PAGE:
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Bjarke Ingels Group (BIG), joined by Kansas City–based infrastructure firm HNTB, have been announced as the winners of a competition seeking a 33,000-capacity Major League Baseball stadium in Paradise, Nevada, that will serve as the future home of the Oakland Athletics once the franchise relocates as planned—a move that received a final stamp of approval from the MLB last November—to Sin City. Notably, the facility will be the first ballpark that the team, which was founded in 1901 as the Philadelphia Athletics, can truly call its own since 1909 when Philly’s old Shibe Park first opened for play.

BIG Vegas ballpark.

Fans enter through a large elevated plaza off of the Las Vegas Strip. Image by Negativ

Daniel Sundlin, BIG’s partner-in-charge of the project alongside Ingels, proclaimed that the A’s new home will “push the boundaries for enjoying baseball and contribute to a more interactive and spectacular urban experience in Las Vegas.” The selection of BIG for the mega-project isn’t surprising. The firm had designed a new Oakland ballpark for the A’s prior to the franchise’s ultimate decision to bid adieu to the Bay Area and head to Vegas. What has followed has been nothing short of messy and a point of controversy with fans in Oakland.

BIG Vegas ballpark.

“New York” views from the stands. Image by Negativ

Topped with a fixed roof comprising five, metal panel-clad overlapping shells reminiscent of Paul Bunyan–sized baseball pennants, the A’s future Vegas ballpark will be built at a nine-acre site on the southern end of Las Vegas Boulevard where the Tropicana Las Vegas currently stands. The fading, 1950s-era casino hotel will cease operations by the end of this month and be razed by the end of the year.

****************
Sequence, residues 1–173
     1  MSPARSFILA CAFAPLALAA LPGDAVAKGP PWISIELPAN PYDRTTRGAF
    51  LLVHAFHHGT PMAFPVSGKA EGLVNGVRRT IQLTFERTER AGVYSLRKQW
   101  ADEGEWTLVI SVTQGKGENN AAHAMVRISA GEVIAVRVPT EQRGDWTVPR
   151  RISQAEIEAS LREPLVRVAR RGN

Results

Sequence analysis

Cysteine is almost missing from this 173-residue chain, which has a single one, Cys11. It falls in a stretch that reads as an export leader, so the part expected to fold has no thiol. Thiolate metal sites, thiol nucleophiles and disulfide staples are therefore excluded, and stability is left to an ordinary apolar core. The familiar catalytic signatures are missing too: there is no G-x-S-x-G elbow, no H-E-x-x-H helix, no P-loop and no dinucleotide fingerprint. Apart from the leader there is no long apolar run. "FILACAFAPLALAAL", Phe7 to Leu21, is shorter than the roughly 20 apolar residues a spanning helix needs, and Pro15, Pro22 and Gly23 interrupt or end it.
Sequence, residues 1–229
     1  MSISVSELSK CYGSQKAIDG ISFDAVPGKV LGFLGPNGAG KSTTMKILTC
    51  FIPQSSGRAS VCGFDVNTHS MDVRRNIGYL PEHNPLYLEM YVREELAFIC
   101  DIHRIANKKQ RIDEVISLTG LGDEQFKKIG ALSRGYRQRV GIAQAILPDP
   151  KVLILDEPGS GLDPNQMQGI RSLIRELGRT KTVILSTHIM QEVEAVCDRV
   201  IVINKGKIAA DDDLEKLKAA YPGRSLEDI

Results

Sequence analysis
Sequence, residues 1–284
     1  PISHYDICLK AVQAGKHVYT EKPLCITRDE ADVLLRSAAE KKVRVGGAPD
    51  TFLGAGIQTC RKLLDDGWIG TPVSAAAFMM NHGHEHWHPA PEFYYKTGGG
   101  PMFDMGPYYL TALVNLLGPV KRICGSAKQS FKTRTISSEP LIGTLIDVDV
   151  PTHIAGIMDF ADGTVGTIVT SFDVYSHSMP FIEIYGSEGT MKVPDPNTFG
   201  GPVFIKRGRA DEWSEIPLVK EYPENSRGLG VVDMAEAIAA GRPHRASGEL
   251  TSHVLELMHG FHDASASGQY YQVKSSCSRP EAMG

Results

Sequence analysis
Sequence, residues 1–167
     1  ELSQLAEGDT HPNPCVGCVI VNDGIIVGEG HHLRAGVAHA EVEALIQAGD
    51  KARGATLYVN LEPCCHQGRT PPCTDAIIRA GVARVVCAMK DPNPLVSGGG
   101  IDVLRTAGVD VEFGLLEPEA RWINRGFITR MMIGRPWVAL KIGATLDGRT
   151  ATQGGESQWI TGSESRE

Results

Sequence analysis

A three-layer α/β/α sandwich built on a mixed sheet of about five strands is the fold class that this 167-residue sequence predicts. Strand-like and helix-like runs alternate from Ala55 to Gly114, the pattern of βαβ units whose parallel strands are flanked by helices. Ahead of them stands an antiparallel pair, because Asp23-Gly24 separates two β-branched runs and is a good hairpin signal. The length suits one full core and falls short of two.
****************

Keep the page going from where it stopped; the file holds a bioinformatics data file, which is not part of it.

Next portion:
The estimated $1.5 billion ballpark, slated to open in spring 2028 although a firm groundbreaking date has yet to be announced, is in good company on this sports venue–saturated stretch of the Las Vegas Strip, with close neighbors that include the MANICA Architecture–designed Allegiant Stadium, which hosted Super Bowl LVIII last month and is home to another Oakland expat, the NLF’s Las Vegas Raiders, who previously shared the Oakland Coliseum, opened in 1968, with the A’s. To the north across Tropicana Boulevard is T-Mobile Arena, designed by Populus and home to the pro hockey team, the Vegas Gold Knights.

In addition to an assemblage of shimmering pennants, the soaring, multi-shelled roof structure enclosing the ballpark has been likened by Ingels to the Sydney Opera House and to a “spherical armadillo.” According to Ingels, the desert environment–informed design, while protective, also “opens and invites the life of the Strip to enter and explore.”

“In the city of spectacle, the A’s ‘armadillo’ is designed for passive shading and natural light—the architectural response to the Nevada climate generating a new kind of vernacular icon in Vegas,” added Ingels in a statement. Another key design feature is a cable-net glass window—billed as the world’s largest—that offers fans what Ingels described as “majestic” views of the Strip and an ersatz New York City skyline just up the road. 

Because this is Vegas, the Jumbotron, as designed, will also be colossal—at 18,000-square feet, the largest in the MLB—and the air conditioning system appropriately robust. As noted in a statement from BIG, cool air will be distributed to spectators directly at their seats rather than from above to improve efficiency. There’s also a throwback element to the ballpark’s tiered design, which pays homage to historic ballparks like Boston’s Fenway Park and Wrigley Field in Chicago, which feature split upper and lower bowls.

BIG vegas ballpark.

The fixed roof is formed by five overlapping shell structures. Image by Negativ

Pedestrians will flow into the ballpark’s main concourse via an elevated outdoor plaza that links up to footbridges spanning Las Vegas and Tropicana Boulevards. Additional entrances on the north and south ends of the stadium will improve accessibility; inside, twin atria will serve as multiuse venues for art exhibitions and the like. Designed with the potential to accommodate other major events, including concerts, the ballpark won’t exactly stand alone at the sprawling Tropicana redevelopment site—there are plans to erect a stadium-adjacent hotel and casino in later development phases.